The Renault Clio has been injected with renewed Va Va Voom thanks to an appealing mid-life refresh, but its long-term future in the UK is unclear, the brand’s British boss has admitted.
Renault plans to electrify its entire model line-up in the UK by the end of this year, which means from 2024 all Renault cars will be either pure-electric, full hybrid or plug-in hybrid.
The new Clio E-Tech, which is available in the UK exclusively as a full hybrid, will sit with a number of hybrids alongside existing and new pure-electric models, offering customers a choice of powertrain options.
The brand already has a Clio-sized electric car in the form of the well-established Zoe, which last year sold 5,000 units in the UK and is “selling well” in 2023, according to Renault. Next year will see the introduction of the Renault 5 EV — a highly-anticipated pure-electric hatchback that will compete with the likes of the electric Fiat 500 and Mini Electric. A small electric crossover called the Renault 4 will follow that.
With the UK government’s ban on petrol, diesel and hybrid cars from 2035, and new electric models filling Renault’s line-up, there are question marks over whether the Clio name will survive beyond 2035.
Speaking at a London event marking the global launch of the new Clio E-Tech, the brand’s UK country head and managing director Guillaume Sicard told Driving.co.uk that the current strategy is clear but the long-term future of the model is unknown.
“We all know about the Renault 5 and the Renault 4,” he said, “but by 2035, once [the UK] will be 100 per cent electric, I don’t know what will happen with Clio. I don’t even know if Renault knows yet, to be honest.
“For the time being, the [Renault] strategy on the UK is very clear: it’s 100% electrification. On one side, we have a line-up with hybrid, on the other side we have a line-up with electric. So we’ll always sell a hybrid [small car] alongside the electric while the regulations allow it.”
Tough times for small cars
The small car market has been challenging for a number of manufacturers in recent years. Although large sales volumes can be achieved, small cars have smaller profit margins than the likes of crossovers and SUVs, which happen to be among the most popular for buyers today.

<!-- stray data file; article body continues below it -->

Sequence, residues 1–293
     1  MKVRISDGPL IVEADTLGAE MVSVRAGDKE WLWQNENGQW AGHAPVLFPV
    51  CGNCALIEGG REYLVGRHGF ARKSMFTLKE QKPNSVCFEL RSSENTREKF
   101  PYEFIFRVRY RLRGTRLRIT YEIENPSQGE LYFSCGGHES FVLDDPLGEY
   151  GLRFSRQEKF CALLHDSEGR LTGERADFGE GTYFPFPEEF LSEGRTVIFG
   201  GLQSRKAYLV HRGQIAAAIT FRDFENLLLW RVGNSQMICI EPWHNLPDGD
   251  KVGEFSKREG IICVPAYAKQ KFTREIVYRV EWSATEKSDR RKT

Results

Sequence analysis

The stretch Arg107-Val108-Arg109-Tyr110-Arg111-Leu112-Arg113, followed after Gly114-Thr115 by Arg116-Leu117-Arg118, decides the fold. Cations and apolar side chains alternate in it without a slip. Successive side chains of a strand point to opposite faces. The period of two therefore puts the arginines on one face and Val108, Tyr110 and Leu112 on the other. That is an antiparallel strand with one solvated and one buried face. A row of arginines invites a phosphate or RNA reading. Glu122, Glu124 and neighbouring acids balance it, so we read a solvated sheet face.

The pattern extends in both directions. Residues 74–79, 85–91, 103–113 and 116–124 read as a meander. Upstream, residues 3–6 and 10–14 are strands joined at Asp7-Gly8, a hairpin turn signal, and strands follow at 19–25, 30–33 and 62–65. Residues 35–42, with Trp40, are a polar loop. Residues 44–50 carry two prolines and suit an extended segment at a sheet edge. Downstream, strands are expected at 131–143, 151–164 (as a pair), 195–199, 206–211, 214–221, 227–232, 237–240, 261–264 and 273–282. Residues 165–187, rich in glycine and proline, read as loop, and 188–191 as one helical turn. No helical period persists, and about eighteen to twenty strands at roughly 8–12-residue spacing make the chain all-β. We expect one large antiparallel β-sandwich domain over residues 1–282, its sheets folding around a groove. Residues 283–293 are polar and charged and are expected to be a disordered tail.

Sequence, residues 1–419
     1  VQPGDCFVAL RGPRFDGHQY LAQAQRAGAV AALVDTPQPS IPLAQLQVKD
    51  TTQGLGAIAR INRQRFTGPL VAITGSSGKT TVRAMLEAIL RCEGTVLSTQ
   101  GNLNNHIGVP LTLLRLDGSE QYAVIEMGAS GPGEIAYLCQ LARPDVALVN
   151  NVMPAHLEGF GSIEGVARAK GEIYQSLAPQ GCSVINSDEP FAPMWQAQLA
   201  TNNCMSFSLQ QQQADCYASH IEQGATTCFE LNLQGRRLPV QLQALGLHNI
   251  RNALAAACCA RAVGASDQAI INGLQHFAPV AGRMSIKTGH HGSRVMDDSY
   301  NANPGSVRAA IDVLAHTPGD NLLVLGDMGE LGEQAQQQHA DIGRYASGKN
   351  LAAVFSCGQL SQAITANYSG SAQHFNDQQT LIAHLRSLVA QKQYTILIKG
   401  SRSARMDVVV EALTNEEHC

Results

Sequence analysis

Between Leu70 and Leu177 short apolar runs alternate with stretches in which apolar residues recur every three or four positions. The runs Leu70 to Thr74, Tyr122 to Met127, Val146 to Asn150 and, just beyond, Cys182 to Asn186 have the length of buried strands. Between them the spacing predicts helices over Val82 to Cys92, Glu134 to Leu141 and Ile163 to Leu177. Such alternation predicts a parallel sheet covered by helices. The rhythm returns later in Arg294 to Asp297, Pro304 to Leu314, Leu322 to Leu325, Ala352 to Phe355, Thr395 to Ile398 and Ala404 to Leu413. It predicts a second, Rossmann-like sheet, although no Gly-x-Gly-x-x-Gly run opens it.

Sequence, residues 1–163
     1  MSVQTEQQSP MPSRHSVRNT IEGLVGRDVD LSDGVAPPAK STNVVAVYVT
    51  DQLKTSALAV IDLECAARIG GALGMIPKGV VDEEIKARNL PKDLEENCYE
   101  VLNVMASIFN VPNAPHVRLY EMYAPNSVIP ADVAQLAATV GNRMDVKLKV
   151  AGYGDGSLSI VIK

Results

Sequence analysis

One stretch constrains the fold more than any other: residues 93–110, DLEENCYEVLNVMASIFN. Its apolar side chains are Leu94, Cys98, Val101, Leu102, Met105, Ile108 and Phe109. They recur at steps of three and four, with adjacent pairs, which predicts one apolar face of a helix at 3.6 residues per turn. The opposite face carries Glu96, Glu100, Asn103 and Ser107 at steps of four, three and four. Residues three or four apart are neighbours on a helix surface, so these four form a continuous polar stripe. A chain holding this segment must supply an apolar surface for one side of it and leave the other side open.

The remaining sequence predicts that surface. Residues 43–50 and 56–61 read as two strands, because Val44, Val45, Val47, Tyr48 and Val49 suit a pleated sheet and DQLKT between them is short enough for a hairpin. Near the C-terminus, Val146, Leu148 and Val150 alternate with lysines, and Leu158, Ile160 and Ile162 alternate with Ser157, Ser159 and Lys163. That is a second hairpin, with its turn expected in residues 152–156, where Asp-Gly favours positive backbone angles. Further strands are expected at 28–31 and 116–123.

It was for this reason that Ford, when faced with supply constraints, decided to end production of its Fiesta — a direct rival of the Clio — to concentrate on “growth models” such as the Puma, Kuga and a growing electric portfolio. This is despite in 2022 the Fiesta becoming the best-selling car in the UK ever, with nearly five million units having been sold.
But the demise of the Fiesta could be a ray of light for the Renault Clio in the short term. This morning Laurens Van Der Acker, executive vice president of corporate design at Renault, said:
“[One] thing which is interesting for us … some of our legacy competitors are pulling out of this segment. So this will also help us to grab a bigger bite of the market, if we can. We feel very strongly that with the double offer of hybrid and electric [models], we will be able to cover a large part of the market.”
A potential lifeline for hybrids?
Another factor that could influence the future of the Clio is the emergence of e-fuels — liquid fuel that can be used in conventional combustion cars and, if created using renewable energy, can be carbon neutral.
Some believe it to be a good alternative to electric vehicles while others point out that transporting it and burning it in an engine is still harmful to the environment, even if the carbon emitted is simply returned to the air.
Supply at present is also tiny compared with the number of cars on the road, and e-fuels will remain extremely expensive unless production can be scaled up to the same levels of petrol and diesel.
“A lot of people are talking about e-fuels,” Sicard told Driving.co.uk. “We’re looking at it as well, obviously. Now when you look at the energy required to produce e-fuels, in terms of costs, it’s still quite challenging. So that’s an opportunity that is very interesting, from a technical point of view, [but] from the costing point of view it remains very challenging.”
No high performance Clio
Sicard also confirmed that there are no plans for a high performance version of the current Clio. Previous generations of the model have received track-focused modifications from the Renaultsport division, though that was officially dissolved in 2021. In future, sports-focused Renaults will be engineered by Alpine, though it will concentrate on pure-electric models; the first being the forthcoming Renault 5.
“A top, top sport version on Clio, no,” said Sicard. “But actually, the driving is quite sporty on this [new hybrid] one, with the torque that the car has, but also the design. Clio remains Clio with a sporty look and sporty touch in terms of engine, but there is no Renaultsport or full Alpine being developed.”Follow @wdron Tweet to @wdron
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